Outbrain is the world’s leading discovery platform, serving over 250 billion personal recommendations per month. In order to provide premium recommendations at such a scale, we leverage capabilities in analyzing a large amount of data. We use a variety of data stores and technologies such as MySql, Cassandra, Elasticsearch, and Vertica, however in this post trilogy (all things can be split to 3…) I would like to focus on our Hadoop eco-system and our journey from pure bare metal into a hybrid cloud solution.
The bare metal period
In a nutshell, we keep two flavors of Hadoop clusters:
- Online clusters, used for online serving activities. Those clusters are relatively small (2 PB of data per cluster) and are kept in our datacenters on bare metal clusters, as part of our serving infrastructure.
- Research cluster, surprisingly, used mainly for research and offline activities. This cluster keeps large amount of data (6 PB), and by nature the workload on this cluster is elastic.
Most of the time it was not utilized, but there were times of peaks when there was a need to query huge amount of data.
Before we move forward in our tale, it may be worthwhile to spend a few words about the history.
We first started to use the Hadoop technology at Outbrain over 6 years ago – starting as a technical small experiment. As our business rapidly grow, so did the data, and the clusters were adjusted in size, however a tech debt had been built up around it. We continued to grow the clusters, based on scale out methodology, and after some time, found ourselves with clusters running old Hadoop version, not being able to support new technologies, build from hundreds of servers, some of which are very old.
We decided we need to stop being fire fighters, and to get super proactive about the issue. We first took care of the Online clusters, and migrated them to a new in-house bare metal solution (you can read more about on this in the Migrating Elephants post on Outbrain Tech Blog site)
Now it was time to move forward and deal with our Research cluster.
Research cluster starting point
Our starting point for the Research cluster was a cluster build out of 500 servers, holding about 6 PB of data, running CDH4 community version.
As mentioned before, the workload on this cluster is elastic – at times, requires a lot of compute power and most of the time fairly under utilized (see graph below).
This graph shows the CPU utilization for 2 weeks, as it seen the usage is not constant, most of the time is barely used, with some periodic peaks
The cluster was unable to support new technologies (such as SPARK and ORC), which were already in use with the Online clusters, reducing our ability to use it for real research.
On top of that, some of the servers in this cluster were becoming very old, and as we grow the cluster on the fly, its storage:CPU:RAM ratio was suboptimal, causing us to waist expensive foot print in our datacenter.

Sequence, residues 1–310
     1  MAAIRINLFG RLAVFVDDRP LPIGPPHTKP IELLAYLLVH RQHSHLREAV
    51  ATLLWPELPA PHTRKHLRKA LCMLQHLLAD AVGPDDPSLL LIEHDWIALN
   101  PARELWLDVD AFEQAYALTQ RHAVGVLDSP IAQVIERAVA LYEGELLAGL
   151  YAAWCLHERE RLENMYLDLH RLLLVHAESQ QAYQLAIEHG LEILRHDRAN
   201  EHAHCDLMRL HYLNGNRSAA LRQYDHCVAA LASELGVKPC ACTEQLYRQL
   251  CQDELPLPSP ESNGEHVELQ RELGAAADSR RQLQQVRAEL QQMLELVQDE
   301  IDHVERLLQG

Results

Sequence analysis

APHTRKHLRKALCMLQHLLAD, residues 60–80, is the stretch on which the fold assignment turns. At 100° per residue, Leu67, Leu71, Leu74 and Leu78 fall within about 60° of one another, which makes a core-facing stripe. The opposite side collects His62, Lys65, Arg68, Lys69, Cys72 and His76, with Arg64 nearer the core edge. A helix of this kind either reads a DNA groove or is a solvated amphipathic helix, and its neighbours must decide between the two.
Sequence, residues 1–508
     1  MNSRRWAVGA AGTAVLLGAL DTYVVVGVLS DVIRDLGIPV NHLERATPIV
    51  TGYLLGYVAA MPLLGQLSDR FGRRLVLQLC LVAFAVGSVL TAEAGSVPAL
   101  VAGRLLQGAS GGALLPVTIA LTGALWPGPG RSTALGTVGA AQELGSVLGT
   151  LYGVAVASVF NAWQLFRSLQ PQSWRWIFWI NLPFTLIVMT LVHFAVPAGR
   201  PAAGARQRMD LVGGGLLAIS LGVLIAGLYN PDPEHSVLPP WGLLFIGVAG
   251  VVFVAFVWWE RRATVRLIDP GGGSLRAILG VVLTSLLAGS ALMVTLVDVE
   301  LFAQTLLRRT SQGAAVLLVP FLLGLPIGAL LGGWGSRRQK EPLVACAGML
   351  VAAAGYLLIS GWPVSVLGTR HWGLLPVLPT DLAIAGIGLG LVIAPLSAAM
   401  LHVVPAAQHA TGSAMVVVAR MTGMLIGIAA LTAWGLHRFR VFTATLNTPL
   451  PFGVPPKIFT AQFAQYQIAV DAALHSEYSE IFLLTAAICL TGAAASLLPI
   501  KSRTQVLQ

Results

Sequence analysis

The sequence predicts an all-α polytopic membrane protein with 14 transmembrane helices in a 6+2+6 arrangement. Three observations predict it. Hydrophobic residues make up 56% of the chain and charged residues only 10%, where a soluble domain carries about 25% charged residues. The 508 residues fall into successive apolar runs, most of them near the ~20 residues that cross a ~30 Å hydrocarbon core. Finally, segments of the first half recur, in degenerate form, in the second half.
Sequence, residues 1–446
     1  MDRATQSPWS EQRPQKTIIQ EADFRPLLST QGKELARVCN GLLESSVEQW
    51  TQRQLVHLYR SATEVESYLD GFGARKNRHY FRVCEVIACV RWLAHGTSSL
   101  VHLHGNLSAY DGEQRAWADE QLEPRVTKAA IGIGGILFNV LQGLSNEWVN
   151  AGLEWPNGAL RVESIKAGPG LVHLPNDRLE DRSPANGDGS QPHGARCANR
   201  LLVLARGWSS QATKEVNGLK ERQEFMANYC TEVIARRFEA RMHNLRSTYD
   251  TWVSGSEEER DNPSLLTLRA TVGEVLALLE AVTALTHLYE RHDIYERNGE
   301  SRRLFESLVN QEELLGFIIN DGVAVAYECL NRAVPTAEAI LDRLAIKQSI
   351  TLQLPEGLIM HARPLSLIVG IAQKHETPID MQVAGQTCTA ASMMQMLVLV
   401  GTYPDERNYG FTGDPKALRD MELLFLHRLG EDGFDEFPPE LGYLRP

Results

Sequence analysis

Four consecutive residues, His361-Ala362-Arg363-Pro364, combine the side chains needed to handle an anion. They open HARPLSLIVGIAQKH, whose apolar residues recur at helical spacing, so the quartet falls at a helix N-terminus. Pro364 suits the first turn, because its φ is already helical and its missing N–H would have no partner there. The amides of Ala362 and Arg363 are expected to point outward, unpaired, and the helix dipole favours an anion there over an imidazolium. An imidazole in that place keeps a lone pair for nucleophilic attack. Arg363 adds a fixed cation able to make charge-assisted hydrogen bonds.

On top of all of the above, it caused so much frustration to the team!
We mapped our options moving forward:
- Do in-place upgrade to the Research cluster software
- Rebuild the research cluster from scratch on bare metal in our datacenters (similar to the project we did with the Online clusters)
- Leverage cloud technologies and migrate the research cluster to the Cloud.
Option #1 was dropped immediately since it answered only a fraction of our frustration at best. It did not address the old hardware issues, and it did not address our concerned regarding non optimal storage:CPU:RAM ratios – which we understood would only get worse when we come to use RAM intensive technologies such as SPARK.
We had a dilemma between option #2 and option #3, both viable options with pros and cons.
Building the Research cluster in house was a project we were very familiar with (we just finished our Online clusters migration), our users were very familiar with the technology, so no learning curve on this front. On the other hand, it required a big financial investment, and we were unable to leverage the elasticity to the extent we wanted.
Migrating to the cloud answered our elasticity needs, however presented a non-predictable cost model (something very important to the finance guys), and had many unknowns as it was new for us, and for the users that would need to work with the environment. It was clear that learning and education will be needed, but it was not clear as to how steep this learning curve would be.
On top of that, we knew that we must have full compatibility between the Research cluster and the Online cluster, but it was hard for us to estimate the effort required to get there, and the number of processes that require data transition between the clusters.
So, what do we do when we don’t know which option is better?
We study and experiment! And this is how we entered the 2nd period – the POC.
You are invited to read about the POC we did and how we did it on our next episode of “Hadoop Research Journey from Bare Metal to Google Cloud – Episode 2”.